Arundel & South Downs MP Nick Herbert has called for the break-up of BT’s ‘unsatisfactory monopoly’ on superfast broadband delivery.
The MP said ‘broadband is now essential, not a luxury’, and said the ‘digital divide’ between town and country must be closed.
Mr Herbert was speaking in a Commons debate on rural phone and broadband connectivity last week. He welcomed plans to give 95 per cent of households access to superfast broadband by 2017, but cited a report by The Rural West Sussex Partnership, which said the real coverage achieved might be as low as 85 per cent. The MP said: “We have to look ahead and test whether what is being done will be sufficient to ensure access for those in rural areas who will not benefit from the programme.”
Only half (52 per cent) of his constituency have access to superfast broadband, placing it in the bottom 100 of parliamentary constituencies (564th out of 650).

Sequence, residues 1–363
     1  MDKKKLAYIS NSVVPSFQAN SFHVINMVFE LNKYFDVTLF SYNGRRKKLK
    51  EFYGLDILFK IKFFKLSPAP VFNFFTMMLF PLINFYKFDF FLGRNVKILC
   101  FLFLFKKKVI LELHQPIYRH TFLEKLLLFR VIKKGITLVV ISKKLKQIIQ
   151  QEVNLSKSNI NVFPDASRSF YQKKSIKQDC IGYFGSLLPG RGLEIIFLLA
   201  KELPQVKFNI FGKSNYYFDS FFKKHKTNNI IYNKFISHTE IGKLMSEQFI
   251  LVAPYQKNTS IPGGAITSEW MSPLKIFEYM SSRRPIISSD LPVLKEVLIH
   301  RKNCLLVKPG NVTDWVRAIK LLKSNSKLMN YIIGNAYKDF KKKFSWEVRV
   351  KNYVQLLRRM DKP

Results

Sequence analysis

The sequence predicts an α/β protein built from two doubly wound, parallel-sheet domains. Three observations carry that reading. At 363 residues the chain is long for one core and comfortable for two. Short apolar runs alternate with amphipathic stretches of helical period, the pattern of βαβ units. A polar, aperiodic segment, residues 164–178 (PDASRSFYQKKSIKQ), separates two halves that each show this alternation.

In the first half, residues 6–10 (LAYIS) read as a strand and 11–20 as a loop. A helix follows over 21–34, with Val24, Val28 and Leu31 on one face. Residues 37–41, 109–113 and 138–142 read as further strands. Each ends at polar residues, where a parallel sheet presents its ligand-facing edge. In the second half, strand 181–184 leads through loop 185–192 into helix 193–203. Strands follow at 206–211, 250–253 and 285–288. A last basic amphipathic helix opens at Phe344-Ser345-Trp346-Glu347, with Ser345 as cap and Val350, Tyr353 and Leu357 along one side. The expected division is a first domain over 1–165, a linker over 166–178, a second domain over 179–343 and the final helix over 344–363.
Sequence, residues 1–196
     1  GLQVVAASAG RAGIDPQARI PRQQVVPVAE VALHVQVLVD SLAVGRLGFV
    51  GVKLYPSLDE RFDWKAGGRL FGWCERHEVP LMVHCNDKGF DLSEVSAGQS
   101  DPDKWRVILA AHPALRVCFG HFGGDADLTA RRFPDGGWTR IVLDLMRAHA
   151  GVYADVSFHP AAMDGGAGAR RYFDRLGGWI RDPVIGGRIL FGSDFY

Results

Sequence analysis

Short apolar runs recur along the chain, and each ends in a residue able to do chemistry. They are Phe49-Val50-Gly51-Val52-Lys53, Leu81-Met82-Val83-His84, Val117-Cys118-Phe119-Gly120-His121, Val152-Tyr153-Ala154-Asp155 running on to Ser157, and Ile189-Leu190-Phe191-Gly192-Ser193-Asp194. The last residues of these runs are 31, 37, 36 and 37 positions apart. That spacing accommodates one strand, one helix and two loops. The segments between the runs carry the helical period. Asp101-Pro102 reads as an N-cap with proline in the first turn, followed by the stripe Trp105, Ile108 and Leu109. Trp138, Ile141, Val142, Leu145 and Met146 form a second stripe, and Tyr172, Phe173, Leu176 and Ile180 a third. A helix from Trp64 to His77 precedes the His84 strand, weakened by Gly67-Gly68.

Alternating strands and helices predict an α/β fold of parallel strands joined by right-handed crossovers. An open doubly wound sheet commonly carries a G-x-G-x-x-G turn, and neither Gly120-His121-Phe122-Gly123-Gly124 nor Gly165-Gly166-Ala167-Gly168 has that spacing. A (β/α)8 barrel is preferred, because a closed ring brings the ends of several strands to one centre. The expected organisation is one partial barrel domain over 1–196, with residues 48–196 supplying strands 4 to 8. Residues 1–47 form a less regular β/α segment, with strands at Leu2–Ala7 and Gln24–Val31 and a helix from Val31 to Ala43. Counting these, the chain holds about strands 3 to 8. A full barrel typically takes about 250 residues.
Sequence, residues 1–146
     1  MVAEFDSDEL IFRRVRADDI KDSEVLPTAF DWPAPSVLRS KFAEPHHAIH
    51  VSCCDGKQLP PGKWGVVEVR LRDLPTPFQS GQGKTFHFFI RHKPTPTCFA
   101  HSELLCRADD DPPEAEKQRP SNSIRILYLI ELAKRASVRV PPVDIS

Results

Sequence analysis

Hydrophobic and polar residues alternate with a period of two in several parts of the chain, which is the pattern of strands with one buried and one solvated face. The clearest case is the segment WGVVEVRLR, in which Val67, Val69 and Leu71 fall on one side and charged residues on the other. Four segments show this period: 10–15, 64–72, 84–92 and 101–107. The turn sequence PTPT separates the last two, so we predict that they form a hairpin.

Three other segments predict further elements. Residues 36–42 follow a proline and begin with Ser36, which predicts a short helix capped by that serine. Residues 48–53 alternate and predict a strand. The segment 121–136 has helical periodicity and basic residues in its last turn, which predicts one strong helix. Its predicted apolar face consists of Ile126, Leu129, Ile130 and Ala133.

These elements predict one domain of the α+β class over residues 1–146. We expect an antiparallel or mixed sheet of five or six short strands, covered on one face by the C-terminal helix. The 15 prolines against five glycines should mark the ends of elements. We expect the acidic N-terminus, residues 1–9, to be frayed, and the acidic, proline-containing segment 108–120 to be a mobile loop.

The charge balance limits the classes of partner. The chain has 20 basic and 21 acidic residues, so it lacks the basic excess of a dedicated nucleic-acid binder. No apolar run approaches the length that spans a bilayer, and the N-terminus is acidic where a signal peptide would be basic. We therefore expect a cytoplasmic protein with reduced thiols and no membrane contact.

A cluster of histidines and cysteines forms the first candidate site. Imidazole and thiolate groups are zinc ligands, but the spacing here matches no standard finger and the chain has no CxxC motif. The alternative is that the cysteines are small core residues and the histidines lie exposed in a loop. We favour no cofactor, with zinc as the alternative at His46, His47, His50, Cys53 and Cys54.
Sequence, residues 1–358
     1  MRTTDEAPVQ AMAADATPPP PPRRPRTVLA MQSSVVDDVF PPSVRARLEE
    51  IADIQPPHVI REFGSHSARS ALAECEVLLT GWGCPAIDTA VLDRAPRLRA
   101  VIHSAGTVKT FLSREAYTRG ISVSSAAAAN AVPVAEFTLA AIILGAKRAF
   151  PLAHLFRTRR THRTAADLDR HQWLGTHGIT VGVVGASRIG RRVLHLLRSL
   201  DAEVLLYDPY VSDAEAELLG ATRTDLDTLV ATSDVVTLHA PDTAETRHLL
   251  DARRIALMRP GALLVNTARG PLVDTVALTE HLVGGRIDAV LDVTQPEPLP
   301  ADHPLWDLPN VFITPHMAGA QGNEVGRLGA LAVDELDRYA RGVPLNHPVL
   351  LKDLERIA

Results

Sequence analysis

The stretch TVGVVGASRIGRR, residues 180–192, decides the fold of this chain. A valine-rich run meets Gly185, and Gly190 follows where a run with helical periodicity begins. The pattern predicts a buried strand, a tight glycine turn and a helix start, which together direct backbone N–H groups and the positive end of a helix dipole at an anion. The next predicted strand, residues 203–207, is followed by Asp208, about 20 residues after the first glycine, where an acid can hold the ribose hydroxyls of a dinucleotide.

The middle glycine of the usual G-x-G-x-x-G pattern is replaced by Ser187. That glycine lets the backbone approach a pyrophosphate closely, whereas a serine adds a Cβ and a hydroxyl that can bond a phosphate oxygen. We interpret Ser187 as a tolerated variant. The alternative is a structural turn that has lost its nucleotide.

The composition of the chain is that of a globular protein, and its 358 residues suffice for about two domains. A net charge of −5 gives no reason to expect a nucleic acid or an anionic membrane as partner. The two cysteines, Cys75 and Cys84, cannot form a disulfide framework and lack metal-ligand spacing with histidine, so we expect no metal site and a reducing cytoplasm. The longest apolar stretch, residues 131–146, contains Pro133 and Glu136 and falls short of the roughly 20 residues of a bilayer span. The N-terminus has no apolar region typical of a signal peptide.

He said BT’s Openreach infrastructure delivery subsidiary should be split off and potentially broken up to allow more competition.
Mr Herbert also warned of “... a danger that public money is being used to close the gap in areas where it would have provided the service anyway, and the remaining 5 per cent or 10 per cent is not being covered.”
Future subsidies, he added, should be directed to places the market would not otherwise reach, and he pointed out that it is often these areas where people do not have access to mobile phone data coverage, either, and are therefore effectively disconnected.
He announced that he plans to hold a summit, following on from the one with the county council and Culture Secretary in 2012, on how to close the digital divide.
He hops to involve groups such as the South Downs National Park Authority, and he invited the current Culture Secretary, Sajid Javid MP, to attend.